What Is Espresso Crema and How To Make It Perfectly Every-time
Before I started with my coffee obsession, I was just another come-what-may coffee drinker.
Until I forayed into this circle of coffee friends, who talked about terms like espresso and crema, and how it mattered greatly with our favorite brew.
But what is espresso crema and how can we master it?
In a Nutshell - What is Espresso Crema?
Espresso is a word you may have heard plenty of times in your favorite coffee shop, and perhaps have always thought it only meant ‘a small amount of coffee’.
Well, while this is partly true, there is more to the word than just its ‘size’.
The word espresso pertains to a method of brewing that produces around 1 to 2 ounces of coffee, achieved by combining pressure, nearly boiling water (190°-200°F), and finely ground, compacted beans.
The process of brewing an espresso shot takes about 25 to 30 seconds.
Crema is often mentioned with reverence in relation to espresso. It refers to the light-colored layer that forms on the surface of brewed coffee during the extraction stage.
The Science Behind The Elusive Crema
Now that we know how these two words relate to each other, it’s time to find out the food science behind espresso crema that will help explain its significance in the overall coffee experience.
Espresso crema, carbon dioxide, and coffee oils
Roasted beans are ‘fresh’ when they still generate or emit a high concentration of CO2 or carbon dioxide.
The process of grinding beans further releases this element, and it is what later interacts with other elements in the brewing process.
With espresso brewing, carbon dioxide coming off the compacted fresh grounds meeting with hot, pressurized water cause the trademark ‘bubbles’ to form.
The phenomenon is quite similar to what happens when you pour a bottle of Guinness beer.
While espresso crema may look a lot like the foam you see when your soda bubbles up, a closer look will show you the big difference.
The bubbles are finer, and often crema can even be thick enough to support a spoonful of sugar.
What makes espresso crema’s different and essential to a great cup of espresso, is that it is also largely a result of emulsification of natural oils, sugars, and compounds like melanoidin found in abundance in fresh coffee grounds.
This is another reason why the formation of crema is often looked at as a good sign of a possibly delicious cup of espresso.
What Does the Color and Amount of Crema Tell You?
Have you ever wondered why some drinks have such light-colored crema and others have a darker ring?
Or why others have so much and some have too little?
These slight differences show either the kind of roast used, how long the espresso shot was, or a possible problem with the consistency of your coffee grounds.
If the color is too light and the bubbles are larger than usual, then you may have under-extracted your espresso.
You may want to give that stage in the process a few more seconds, as your resulting brew will most likely taste weak and thinner in consistency.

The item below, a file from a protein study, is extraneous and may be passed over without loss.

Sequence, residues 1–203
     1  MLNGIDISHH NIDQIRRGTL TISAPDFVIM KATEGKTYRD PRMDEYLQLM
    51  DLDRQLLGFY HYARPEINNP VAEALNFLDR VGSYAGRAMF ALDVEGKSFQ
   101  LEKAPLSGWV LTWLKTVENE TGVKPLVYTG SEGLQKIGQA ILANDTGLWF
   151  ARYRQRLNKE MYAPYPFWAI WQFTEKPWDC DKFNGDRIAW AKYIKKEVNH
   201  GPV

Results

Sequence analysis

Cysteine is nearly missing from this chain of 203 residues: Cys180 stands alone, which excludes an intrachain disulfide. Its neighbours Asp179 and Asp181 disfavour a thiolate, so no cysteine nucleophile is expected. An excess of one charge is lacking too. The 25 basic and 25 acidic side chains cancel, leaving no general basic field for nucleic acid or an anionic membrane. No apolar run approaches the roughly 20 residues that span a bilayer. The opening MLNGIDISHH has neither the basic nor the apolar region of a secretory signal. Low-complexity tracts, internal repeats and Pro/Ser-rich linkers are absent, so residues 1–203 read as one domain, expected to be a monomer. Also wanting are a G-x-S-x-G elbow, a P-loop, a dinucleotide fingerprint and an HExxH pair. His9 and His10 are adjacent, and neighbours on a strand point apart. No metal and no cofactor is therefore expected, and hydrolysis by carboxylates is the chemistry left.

A darker crema on the other hand can either be a result of over-extraction, or the use of a darker roast (which also usually produces less crema). Over-extracted coffee can result in a bitter cup.
Another aspect that may affect the production and color of crema is the kind of processing the roasts went through.
Dry processed beans leave more natural coffee oils intact compared to wet-processed beans, allowing the former to produce more crema.
How do you Make Espresso Crema?
Crema is ideally, naturally produced when you make a great shot of espresso out of dry processed, freshly roasted beans. So to get a good crema, you start with making a good espresso.
Here are the basic steps:
- Choose your freshly roasted beans. You would want to have them to a fine ground, to ensure that they are sufficiently compacted when you put them in your espresso machine’s portafilter.
- You place your ground coffee into the portafilter and pack it in using a tool called a tamper. The tamper is a specialized tool that helps ensure that your coffee is horizontally leveled and tightly packed - you need to apply about thirty pounds of pressure on it.
- What you’re aiming for is a cake-like layer of coffee, where the jet of hot water from your machine can stream through with a pressure of nine or more atmospheres. Brew temperature should be about 200 degrees.
- The brew time of your espresso to enforce the ideal extraction time is about 25 to 35 seconds at most. Crema should form in a few seconds after the brewing process.
This video shows how to make your espresso correctly, to get that beautiful layer of crema on top of your steaming hot cup of coffee.
Experiencing the ‘legendary’ espresso crema is one of those ‘musts’ for a coffee enthusiast.
Now that you know the chemistry behind it, I’m sure you’ll appreciate its presence more, and understand why you can’t find it in some of your coffee drinks.
Here’s a quick summary of what espresso crema is all about:
- It’s a good gauge of the freshness of your roasted coffee beans.
- It’s tell-tale of the kind of roast used (light or dark).
- It enhances your coffee experience, if done or made right.
- It doesn’t always mean that your coffee is going to taste great.
Coffee is a lot about science and chemistry so let’s continue learning about it!
Have your own thoughts about crema? Share em’ in the comments below!